The response to Veritatis Splendor was mixed, as one might imagine. There was a sizeable number of bishops and Catholics in general who welcomed a strong push of the reset button after thirty years of upheaval after the Council. In my own recollection of 1993, I seem to recall that much more attention was paid to the release and implementation of the Catechism, which many expected would bring a clarity and calm to admittedly diverse styles and theories of catechetics.
Catholic moralists themselves—who, with the bishops, were the targeted audience—responded strongly. Papal documents in the modern era do not generally single out offending individuals in any area of Catholic life. (The disciplining of errant Catholic teachers and writers is managed by the Sacred Congregation of the Faith, which does make names public if a particular writing is involved.) Thus, though in the normal language of an encyclical, the “certain theological positions” and faculties mentioned without reference by the pope in para. 4 cast a pall upon many career Catholic moralists. A common objection was the pope’s misunderstanding of what Catholic moralists were actually saying in their work. A few years before the encyclical I had the opportunity to meet the controversial Swiss Catholic theologian Hans Kung at Stetson University here in Central Florida. During the Q and A session, someone asked Kung his impressions of Pope John Paul II. Kung, who can be snarky, replied that the pope spent too much time in audiences with “boxers and starlets.” “I wish he would talk to his theologians once in a while.”
I think what Kung was trying to say, albeit harshly, is that the interaction of cathedral and university is not what it once was. In the middle ages the great European universities—notably the University of Paris—advised bishops, councils, and popes on the great issues of the day. Regrettably, the Vatican through much of my lifetime has taken a more adversarial stance toward the moral academic trends, and it seems to miss the truth that moral theologians are self-policing in the way that all reputable disciples are through peer review, revision, updating, etc. John Paul’s critique of “fundamental option” as a replacement for attention to the morality of individual acts is a continuation of an old debate in Catholic theology whether virtue causes good behavior or results from good behavior.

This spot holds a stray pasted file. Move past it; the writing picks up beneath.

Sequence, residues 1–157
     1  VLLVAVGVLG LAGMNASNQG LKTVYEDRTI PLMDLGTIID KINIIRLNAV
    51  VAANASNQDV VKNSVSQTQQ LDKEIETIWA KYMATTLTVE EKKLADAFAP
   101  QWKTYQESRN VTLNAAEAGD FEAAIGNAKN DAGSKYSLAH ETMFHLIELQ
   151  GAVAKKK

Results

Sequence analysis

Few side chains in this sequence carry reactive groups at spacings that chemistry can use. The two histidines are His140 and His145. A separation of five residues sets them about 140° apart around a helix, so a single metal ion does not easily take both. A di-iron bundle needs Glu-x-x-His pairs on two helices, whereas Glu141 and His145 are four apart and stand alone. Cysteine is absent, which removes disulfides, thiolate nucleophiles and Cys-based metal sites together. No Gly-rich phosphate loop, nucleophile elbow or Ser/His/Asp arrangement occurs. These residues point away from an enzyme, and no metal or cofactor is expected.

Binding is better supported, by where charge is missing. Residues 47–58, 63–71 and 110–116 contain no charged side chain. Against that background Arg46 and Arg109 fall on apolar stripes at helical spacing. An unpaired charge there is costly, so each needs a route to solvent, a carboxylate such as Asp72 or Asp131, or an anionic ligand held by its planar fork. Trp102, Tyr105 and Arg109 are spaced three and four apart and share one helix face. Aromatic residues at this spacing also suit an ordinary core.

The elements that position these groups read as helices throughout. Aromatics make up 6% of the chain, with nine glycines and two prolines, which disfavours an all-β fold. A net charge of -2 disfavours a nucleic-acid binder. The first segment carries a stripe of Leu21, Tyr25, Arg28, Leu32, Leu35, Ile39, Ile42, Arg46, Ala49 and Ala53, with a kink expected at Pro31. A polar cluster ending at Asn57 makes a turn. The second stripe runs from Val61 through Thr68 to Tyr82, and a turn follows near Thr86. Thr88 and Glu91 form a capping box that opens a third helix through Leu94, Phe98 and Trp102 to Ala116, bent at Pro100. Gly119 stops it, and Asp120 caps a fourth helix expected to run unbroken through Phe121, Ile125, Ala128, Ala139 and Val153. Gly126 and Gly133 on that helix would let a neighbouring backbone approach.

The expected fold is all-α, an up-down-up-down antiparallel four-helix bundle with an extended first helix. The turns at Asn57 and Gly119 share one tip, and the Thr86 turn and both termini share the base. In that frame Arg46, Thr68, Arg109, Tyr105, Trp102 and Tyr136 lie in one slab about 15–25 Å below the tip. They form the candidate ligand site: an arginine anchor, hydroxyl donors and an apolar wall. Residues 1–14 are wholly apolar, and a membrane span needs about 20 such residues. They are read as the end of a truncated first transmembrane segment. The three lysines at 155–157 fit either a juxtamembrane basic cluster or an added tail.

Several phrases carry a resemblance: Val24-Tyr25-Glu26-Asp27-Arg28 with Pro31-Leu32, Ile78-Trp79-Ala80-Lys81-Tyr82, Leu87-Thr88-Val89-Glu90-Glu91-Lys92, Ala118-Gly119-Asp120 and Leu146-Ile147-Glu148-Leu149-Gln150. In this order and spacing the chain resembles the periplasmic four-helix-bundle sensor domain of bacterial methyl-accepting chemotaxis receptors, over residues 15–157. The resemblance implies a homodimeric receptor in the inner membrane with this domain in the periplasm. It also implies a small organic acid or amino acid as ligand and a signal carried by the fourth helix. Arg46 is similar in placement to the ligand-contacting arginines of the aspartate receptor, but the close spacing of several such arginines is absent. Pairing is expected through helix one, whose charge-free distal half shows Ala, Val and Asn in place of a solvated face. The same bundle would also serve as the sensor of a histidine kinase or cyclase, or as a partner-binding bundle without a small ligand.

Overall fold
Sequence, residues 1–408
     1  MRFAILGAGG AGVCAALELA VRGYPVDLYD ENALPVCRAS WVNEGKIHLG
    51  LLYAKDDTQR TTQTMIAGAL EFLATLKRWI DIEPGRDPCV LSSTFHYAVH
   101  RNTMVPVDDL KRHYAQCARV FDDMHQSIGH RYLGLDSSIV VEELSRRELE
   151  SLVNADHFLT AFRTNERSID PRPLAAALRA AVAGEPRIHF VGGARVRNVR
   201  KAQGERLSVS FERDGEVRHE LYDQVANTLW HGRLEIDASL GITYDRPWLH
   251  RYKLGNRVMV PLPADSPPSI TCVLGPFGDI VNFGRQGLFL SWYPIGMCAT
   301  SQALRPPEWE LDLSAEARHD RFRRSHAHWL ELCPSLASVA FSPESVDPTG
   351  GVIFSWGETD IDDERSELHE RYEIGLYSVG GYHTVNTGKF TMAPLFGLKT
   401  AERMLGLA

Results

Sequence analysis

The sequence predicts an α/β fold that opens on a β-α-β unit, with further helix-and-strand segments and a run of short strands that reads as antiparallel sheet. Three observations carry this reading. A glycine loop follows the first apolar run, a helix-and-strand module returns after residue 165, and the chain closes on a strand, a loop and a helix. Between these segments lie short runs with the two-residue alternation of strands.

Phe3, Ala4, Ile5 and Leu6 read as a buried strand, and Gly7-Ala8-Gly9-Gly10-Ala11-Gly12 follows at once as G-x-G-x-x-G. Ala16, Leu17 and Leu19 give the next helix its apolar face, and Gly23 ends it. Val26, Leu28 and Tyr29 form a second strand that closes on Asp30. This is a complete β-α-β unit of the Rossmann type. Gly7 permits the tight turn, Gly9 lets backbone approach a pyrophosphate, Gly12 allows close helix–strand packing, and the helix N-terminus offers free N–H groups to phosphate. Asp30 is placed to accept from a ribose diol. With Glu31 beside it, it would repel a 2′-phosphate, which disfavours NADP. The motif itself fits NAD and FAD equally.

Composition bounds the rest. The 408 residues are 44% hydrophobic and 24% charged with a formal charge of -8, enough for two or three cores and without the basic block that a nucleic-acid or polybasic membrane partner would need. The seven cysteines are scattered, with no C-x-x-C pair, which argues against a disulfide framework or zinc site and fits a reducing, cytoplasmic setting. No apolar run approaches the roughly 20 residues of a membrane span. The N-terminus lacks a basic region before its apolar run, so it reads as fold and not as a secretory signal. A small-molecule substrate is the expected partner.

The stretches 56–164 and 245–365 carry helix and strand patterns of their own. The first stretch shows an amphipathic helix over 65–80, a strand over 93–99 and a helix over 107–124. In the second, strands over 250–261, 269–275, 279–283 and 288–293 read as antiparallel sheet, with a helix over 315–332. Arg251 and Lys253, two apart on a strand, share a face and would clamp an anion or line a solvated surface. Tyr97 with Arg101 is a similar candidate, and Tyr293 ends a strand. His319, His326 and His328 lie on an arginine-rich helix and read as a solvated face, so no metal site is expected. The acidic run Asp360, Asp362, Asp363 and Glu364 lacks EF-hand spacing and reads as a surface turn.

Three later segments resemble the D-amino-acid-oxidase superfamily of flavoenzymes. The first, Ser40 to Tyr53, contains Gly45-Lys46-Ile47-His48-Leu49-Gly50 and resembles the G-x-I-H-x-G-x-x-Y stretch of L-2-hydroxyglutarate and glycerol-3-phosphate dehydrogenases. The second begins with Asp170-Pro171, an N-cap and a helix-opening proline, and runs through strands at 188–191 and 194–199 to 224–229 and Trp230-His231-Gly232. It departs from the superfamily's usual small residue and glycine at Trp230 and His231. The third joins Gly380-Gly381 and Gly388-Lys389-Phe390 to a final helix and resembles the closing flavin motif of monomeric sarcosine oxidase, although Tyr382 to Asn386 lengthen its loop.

The immediate outcome of the two documents--Veritatis Splendor and the Catechism has been something of a divide in Catholic life between moral “hardliners” and “visionaries.” This is a caricature, I hasten to add. But in practice it is true that one sees in pastoral life the strict constructionists who follow the Catechism to the letter and those who hold to the old maxim in civil law, that it is impossible to legislate for every conceivable instance. There is also the issue of “loyalty to the Church” and the meaning of orthodoxy. Can one be “critically loyal,” as in the case of St. Paul who challenged St. Peter on the baptism of Gentiles?
That Pope Francis has adopted the more revisionist style of moral teaching has been a cause of considerable stress for those used to the style of Pope John Paul, but in truth what we have is a continuation of a dynamic dating back centuries: the Jesuit casuists versus the Redemptorist Probablists in the 1700’s—legal vs. pastoral approach to moral teaching—being one example. I will pick up on the particulars, including feminist and liberation influences in moral theology, the next time around, which will be in two weeks.